Sixers in London | International Contingent Creates Welcomed Vibes
LONDON - With the 76ers boasting a roster that on opening night featured one of the NBA’s biggest contingents of foreign players, it certainly feels appropriate that the team is participating in this year’s edition of the league’s signature international showcase.
Heading into Thursday’s London Game 2018 against Atlantic Division foe the Boston Celtics, four of the Sixers had roots overseas, with Joel Embiid being from Cameroon, Timothe Luwawu-Cabarrot from France, Dario Saric from Croatia, and Ben Simmons from Australia.
A fifth Sixer, Furkan Korkmaz, is also an NBA import. The Turkish swing man is currently back stateside rehabbing his lisfranc foot injury, and subsequently didn’t accompany the club on its trip to the United Kingdom.
Overseeing such a multicultural group has been one of the joys of Brett Brown’s job.
“There’s a dynamic that you can’t fully explain,” said Brown. “I extract it, I love it, I manipulate it.”
Throughout his life, Brown has had plenty of chances to get his passport stamped. While attempting to break into coaching, the 56-year old spent nearly two decades in Australia, before he joined the traditionally-wordly San Antonio Spurs as an assistant.
Now, five seasons into his stint in Philadelphia, Brown has played a role in cultivating and nurturing a similar type of dynamic inside the Sixers’ locker room.
“We talk about government, politics, favorite foods, exports, bordering countries, and different words that might mean different things,” Brown said in London this week. “Because I lived overseas for so long...I’m interested in that.”
Chats like these were regular occurrences at his previous stop in San Antonio, where All-Stars Manu Ginobili (Argentina) and Tony Parker (France) served as key components to the Spurs’ internationally-influenced championship core.
Use sport to bring together a handful of people from all over the planet, and Brown relishes the resulting environment.
“It’s pretty cool watching where the conversation flows,” he said.
For the Sixers’ international players themselves, the prevalence of foreign vibes around the franchise has been welcomed. It’s brought a sense of familiarity, and comfort, too.
“I can't [entirely] say it's like I'm not alone, but it's kind of like that,” Luwawu-Cabarrot said. “I know I have my European guy, African guy, Australian guy.”
Luwawu-Cabarrot and his “African guy,” Embiid, happen to share the same native tongue. The two talk French to each other frequently, as was the case Tuesday, when Luwawu-Cabarrot told Embiid about his surprise meeting with French soccer superstar Thierry Henry.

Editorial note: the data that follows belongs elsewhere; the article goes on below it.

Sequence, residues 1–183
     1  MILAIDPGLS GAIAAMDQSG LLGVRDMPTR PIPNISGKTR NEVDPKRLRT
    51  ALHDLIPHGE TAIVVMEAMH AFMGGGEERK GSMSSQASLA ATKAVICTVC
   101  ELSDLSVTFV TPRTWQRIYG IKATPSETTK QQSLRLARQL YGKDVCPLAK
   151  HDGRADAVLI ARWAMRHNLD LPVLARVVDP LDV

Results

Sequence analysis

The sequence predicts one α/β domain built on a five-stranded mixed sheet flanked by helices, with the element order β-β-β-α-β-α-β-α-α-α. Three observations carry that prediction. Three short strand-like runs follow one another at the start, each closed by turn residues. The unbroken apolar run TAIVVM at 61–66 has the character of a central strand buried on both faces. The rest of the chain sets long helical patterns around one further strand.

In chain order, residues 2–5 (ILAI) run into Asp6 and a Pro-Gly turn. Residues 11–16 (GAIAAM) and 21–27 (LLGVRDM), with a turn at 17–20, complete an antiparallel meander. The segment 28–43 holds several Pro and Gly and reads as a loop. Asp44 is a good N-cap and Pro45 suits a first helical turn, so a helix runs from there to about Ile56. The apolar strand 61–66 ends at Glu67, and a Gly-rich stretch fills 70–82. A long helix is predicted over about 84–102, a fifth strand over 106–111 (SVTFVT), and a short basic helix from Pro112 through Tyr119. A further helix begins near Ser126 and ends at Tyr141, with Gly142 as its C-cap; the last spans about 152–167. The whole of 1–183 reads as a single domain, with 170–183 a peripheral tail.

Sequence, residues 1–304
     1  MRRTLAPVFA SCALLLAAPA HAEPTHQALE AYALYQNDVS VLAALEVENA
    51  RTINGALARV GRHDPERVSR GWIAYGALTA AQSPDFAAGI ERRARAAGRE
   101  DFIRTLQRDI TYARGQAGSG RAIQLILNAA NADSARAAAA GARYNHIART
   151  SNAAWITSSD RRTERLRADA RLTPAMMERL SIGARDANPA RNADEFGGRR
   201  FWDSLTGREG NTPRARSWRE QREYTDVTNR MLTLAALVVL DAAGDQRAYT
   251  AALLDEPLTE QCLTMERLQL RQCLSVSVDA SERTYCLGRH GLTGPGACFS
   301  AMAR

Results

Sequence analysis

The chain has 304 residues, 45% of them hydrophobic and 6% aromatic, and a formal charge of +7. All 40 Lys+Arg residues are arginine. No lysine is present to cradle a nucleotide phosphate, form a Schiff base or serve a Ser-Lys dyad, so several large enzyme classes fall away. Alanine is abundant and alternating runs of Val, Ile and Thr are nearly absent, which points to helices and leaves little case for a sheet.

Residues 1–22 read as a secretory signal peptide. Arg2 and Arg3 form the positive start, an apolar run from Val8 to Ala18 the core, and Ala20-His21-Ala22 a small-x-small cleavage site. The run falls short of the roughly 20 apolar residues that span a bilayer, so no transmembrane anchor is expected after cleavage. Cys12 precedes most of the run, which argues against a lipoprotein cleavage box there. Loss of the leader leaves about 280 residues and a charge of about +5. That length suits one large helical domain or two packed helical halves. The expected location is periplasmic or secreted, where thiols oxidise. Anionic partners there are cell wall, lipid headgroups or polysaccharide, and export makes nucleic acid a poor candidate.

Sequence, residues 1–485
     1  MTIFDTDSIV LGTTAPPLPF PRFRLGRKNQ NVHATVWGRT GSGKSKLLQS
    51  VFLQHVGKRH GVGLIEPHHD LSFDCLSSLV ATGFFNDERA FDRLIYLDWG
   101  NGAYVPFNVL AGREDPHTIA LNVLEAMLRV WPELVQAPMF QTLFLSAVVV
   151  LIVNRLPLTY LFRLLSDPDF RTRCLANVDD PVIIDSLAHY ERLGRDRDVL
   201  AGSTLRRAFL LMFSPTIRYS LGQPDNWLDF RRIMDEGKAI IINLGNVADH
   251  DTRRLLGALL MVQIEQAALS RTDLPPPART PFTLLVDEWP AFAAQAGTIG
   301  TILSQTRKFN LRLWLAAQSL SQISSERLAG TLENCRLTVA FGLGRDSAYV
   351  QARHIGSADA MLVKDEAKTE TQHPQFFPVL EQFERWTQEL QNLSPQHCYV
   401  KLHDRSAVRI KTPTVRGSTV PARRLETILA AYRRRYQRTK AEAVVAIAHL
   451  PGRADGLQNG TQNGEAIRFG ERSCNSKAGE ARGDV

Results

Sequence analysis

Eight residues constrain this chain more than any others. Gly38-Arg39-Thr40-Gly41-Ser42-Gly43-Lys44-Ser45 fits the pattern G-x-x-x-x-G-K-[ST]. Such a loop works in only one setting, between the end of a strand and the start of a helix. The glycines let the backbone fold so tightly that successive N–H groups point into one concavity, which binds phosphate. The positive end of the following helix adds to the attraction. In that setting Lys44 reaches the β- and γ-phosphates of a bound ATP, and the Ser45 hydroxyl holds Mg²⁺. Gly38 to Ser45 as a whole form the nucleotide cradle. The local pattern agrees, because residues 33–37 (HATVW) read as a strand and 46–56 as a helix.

“It's always nice to have that,” said Luwawu-Cabarrot.
Dario Saric is another Sixer multilinguist. He speaks Croatian, and some Serbian, Bosnian, and Slovenian. The 23-year old then joked his English is only “so-so” by comparison.
“I think that’s very important for every player to have somebody [who is] international, [or] from Europe,” Saric said Wednesday, explaining that he felt more at ease as a rookie last year with foreign-born veterans like Sergio Rodriguez and Ersan Ilyasova on the Sixers. “That was a very big experience for me. It’s a lot easier when you have someone [else of foreign descent].”
Along those lines, Saric has taken it upon himself this season to be a ringleader of sorts for the 2017-2018 crop of international Sixers.
“I try to support Furkan, Timmy if they need me,” he said. “I got a little more experience than them.”
When the Sixers play in the NBA London Game 2018 this Thursday at O2 Arena, they won’t be alone in having extensive ties abroad.
Counting Kyrie Irving’s preference to be listed as an Australian, the Celtics also have a sizable international presence, between Aron Baynes (Australia), Al Horford (Dominican Republic), Abdel Nader (Egypt), Daniel Theis (Germany), and Guerschon Yabusele (France).
“I think it’s a big part of the sport,” Brett Brown said of the game’s global growth, “and the sport is not going to be going backwards in that regard. We’re going to continue to have more, and more, and more foreign players.”
Right now, Embiid is one of the most recognizable stars to fall under that umbrella.
During this week’s journey to the British capital, the big man has talked on multiple occasions about feeling a sense of obligation to not only do Africa proud, but also promote his home country as a budding hotbed for hoops talent.
“It’s an opportunity, trying to grow the game of basketball overseas,” said Embiid. “Especially me, being out of the States, I think it’s always good, and I feel like people feel more connected to that, because I’m international.”
Regardless of how many countries members of the Sixers hail from, or the different languages they speak, one universal objective unites the entire team.
“We just want to win,” said Simmons, “so everybody has that same mentality.”